Author Keri Janton and son Max
Author Keri Janton and son Max

Credit: Picasa

Credit: Picasa

Max needed mitral valve repair surgery in October 2017. Though all appeared to be fine after the operation, a stroke was discovered about 24 hours into his recovery and, after trying all we could to save him, including a plasma transfusion, he passed days later. His absence is both excruciating and numbing. I am constantly amazed that my mind and body still function, as there isn’t a part of me, not a finger, nor a hair on my head, that does not ache with grief.

Three years have passed and one of Max’s little brothers is now in kindergarten. When his school promoted a blood drive in August, my mind flashed back to that night years ago with Mr. Stoltz and the woman with her medically fragile son. That is when the irony of their lives and mine struck. Her boy with the tubes beneath his shirt, my Max with his. Without much thought, I hit register and signed up to donate blood for the first time in my life.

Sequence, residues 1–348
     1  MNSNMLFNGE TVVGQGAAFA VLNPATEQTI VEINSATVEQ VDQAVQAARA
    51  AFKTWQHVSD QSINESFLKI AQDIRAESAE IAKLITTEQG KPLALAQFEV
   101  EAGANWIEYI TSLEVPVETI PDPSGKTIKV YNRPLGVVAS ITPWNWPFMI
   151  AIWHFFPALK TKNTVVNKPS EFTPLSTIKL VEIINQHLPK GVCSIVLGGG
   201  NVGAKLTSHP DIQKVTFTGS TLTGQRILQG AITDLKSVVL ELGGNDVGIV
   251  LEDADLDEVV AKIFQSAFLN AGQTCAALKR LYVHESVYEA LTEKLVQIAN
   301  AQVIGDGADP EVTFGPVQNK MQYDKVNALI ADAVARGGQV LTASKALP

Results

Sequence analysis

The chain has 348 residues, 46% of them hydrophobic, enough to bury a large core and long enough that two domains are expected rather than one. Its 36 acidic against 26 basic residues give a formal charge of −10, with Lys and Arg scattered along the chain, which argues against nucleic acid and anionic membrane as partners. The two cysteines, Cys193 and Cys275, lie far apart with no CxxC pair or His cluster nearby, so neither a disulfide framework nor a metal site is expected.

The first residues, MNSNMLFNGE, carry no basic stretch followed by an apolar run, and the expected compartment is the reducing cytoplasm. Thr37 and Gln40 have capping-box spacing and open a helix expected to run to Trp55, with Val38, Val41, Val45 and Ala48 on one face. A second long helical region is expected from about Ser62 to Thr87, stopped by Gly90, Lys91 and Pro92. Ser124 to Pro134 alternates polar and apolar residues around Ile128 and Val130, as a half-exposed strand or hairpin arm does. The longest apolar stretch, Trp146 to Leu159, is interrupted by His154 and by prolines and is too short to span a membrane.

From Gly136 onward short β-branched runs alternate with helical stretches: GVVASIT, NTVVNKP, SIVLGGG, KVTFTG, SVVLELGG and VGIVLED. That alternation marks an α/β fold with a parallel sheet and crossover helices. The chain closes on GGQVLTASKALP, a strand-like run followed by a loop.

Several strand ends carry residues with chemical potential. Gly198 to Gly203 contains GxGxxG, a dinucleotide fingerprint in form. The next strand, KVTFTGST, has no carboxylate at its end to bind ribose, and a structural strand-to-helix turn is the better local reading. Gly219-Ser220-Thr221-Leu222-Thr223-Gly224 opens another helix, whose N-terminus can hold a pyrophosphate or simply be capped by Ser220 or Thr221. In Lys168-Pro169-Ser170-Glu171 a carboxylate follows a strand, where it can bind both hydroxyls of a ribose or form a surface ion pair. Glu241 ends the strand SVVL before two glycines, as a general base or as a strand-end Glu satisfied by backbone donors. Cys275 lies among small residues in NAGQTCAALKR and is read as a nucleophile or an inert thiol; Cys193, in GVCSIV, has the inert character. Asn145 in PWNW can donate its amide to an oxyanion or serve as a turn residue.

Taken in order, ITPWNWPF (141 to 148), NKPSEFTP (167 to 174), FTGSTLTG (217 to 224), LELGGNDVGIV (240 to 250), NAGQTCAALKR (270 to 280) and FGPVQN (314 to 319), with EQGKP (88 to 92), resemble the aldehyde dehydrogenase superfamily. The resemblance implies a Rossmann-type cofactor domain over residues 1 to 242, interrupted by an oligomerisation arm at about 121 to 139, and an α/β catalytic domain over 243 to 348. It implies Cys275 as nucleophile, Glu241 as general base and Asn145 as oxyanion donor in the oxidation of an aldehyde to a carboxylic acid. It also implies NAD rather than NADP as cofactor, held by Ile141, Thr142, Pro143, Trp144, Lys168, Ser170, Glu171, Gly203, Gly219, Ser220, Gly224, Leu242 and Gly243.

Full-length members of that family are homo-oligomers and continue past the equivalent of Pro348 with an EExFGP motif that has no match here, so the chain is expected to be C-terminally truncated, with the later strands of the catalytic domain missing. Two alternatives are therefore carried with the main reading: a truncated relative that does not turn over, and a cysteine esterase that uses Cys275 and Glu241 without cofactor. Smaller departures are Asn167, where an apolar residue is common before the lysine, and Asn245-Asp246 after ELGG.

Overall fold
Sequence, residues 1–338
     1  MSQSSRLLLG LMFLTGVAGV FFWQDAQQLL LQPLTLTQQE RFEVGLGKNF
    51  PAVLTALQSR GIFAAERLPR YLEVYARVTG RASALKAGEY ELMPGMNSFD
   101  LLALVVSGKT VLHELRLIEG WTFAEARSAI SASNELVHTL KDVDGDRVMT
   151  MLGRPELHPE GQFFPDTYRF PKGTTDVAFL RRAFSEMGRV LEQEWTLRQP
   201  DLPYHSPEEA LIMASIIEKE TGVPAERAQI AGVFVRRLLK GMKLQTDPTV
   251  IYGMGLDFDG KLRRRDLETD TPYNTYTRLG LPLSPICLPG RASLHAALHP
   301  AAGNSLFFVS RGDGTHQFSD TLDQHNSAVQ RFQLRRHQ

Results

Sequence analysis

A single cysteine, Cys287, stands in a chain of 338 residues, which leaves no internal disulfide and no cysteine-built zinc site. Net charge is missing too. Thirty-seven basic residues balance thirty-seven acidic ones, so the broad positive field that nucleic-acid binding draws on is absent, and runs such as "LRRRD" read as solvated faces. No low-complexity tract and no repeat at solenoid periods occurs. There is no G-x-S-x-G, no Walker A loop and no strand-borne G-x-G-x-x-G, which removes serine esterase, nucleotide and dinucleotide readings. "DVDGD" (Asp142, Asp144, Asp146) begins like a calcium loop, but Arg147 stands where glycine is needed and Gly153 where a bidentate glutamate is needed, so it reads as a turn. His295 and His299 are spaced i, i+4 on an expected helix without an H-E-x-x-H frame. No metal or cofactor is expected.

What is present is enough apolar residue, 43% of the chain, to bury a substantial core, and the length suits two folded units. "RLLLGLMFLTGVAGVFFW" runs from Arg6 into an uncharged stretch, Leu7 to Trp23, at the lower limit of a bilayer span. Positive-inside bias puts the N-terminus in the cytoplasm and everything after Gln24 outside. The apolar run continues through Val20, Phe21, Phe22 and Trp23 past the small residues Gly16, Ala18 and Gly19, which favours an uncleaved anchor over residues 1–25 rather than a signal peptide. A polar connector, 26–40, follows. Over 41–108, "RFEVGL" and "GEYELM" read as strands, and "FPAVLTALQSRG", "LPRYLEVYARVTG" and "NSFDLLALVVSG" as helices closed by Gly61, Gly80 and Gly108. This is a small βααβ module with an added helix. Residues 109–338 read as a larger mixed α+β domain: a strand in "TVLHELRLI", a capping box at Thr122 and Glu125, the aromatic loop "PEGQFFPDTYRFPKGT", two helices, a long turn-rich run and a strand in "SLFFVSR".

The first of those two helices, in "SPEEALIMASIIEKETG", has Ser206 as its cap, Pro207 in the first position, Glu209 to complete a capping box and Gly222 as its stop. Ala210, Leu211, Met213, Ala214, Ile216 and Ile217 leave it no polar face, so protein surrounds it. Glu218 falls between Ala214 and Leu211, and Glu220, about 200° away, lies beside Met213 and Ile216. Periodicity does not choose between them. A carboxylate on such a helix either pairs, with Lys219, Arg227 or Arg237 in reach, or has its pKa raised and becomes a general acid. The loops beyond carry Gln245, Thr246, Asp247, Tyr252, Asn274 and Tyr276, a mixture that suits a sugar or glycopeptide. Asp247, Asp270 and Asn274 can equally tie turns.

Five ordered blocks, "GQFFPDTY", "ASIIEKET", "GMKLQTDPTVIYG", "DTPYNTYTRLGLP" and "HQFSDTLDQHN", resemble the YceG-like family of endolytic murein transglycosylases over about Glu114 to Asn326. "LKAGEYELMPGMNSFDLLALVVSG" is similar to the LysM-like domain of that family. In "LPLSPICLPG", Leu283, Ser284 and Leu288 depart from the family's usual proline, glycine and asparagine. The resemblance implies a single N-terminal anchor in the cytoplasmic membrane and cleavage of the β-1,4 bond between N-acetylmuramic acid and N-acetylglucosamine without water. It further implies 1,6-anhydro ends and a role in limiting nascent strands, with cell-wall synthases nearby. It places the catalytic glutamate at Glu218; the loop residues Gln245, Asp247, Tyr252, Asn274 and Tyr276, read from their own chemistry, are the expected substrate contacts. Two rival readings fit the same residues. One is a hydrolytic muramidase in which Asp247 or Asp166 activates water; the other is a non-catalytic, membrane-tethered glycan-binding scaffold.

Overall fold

I was nervous when I arrived to donate that fall morning, afraid I would get queasy, but also determined, with Max’s face ever-present in my thoughts. As I sat there waiting for my turn, someone caught my eye. Monica Mangram, Max’s occupational therapist had walked through the door. Over the years, I had shared Max with a handful of doctors, nurses, teachers and therapists, and they loved him dearly. When I lost Max, I clung to those people, my “Max people” as I call them, as they are a comfort and a reminder of precious days. It felt serendipitous, purposeful that Mangram showed up at the blood drive. We donated side by side, laughing and talking, and then, without the slightest cringe or gag on my part, it was over. It was quick, painless, and I felt like a complete fool. It was the simplest of tasks for me, yet life-giving for another. I felt guilty, even selfish for avoiding the experience for so long.